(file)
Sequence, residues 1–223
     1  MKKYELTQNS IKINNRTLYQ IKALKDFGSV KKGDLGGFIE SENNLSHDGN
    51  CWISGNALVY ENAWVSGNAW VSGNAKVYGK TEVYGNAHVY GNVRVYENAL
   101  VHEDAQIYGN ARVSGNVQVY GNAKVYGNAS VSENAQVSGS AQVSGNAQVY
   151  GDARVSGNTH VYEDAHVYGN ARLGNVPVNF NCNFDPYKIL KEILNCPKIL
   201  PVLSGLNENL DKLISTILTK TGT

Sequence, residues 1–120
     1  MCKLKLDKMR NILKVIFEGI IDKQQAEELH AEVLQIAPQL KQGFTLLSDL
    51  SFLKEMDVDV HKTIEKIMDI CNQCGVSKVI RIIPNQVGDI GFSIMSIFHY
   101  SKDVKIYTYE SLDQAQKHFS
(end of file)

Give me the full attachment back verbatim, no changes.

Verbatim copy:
Sequence, residues 1–223
     1  MKKYELTQNS IKINNRTLYQ IKALKDFGSV KKGDLGGFIE SENNLSHDGN
    51  CWISGNALVY ENAWVSGNAW VSGNAKVYGK TEVYGNAHVY GNVRVYENAL
   101  VHEDAQIYGN ARVSGNVQVY GNAKVYGNAS VSENAQVSGS AQVSGNAQVY
   151  GDARVSGNTH VYEDAHVYGN ARLGNVPVNF NCNFDPYKIL KEILNCPKIL
   201  PVLSGLNENL DKLISTILTK TGT

Sequence, residues 1–120
     1  MCKLKLDKMR NILKVIFEGI IDKQQAEELH AEVLQIAPQL KQGFTLLSDL
    51  SFLKEMDVDV HKTIEKIMDI CNQCGVSKVI RIIPNQVGDI GFSIMSIFHY
   101  SKDVKIYTYE SLDQAQKHFS